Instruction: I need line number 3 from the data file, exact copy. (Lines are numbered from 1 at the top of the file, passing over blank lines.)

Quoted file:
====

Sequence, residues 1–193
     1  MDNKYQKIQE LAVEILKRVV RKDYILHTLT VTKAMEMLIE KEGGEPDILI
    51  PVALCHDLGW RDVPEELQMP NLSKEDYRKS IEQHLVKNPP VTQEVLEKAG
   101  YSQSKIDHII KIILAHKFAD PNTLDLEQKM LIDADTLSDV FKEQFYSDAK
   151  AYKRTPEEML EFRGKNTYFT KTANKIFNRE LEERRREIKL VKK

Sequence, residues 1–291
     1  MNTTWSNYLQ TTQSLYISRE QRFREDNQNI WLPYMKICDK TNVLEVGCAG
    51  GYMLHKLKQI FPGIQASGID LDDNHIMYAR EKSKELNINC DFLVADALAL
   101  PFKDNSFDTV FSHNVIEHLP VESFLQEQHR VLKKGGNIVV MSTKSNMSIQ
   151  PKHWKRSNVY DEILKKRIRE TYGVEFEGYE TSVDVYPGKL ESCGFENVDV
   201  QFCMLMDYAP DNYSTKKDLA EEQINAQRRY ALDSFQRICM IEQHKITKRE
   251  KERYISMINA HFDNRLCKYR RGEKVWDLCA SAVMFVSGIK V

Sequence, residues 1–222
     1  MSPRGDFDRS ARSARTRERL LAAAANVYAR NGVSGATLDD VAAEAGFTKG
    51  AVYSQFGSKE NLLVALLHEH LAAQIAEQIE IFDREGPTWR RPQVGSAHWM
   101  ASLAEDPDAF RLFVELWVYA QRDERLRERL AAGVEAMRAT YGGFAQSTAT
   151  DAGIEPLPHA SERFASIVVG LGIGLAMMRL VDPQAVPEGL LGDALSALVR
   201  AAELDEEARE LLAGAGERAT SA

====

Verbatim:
    51  PVALCHDLGW RDVPEELQMP NLSKEDYRKS IEQHLVKNPP VTQEVLEKAG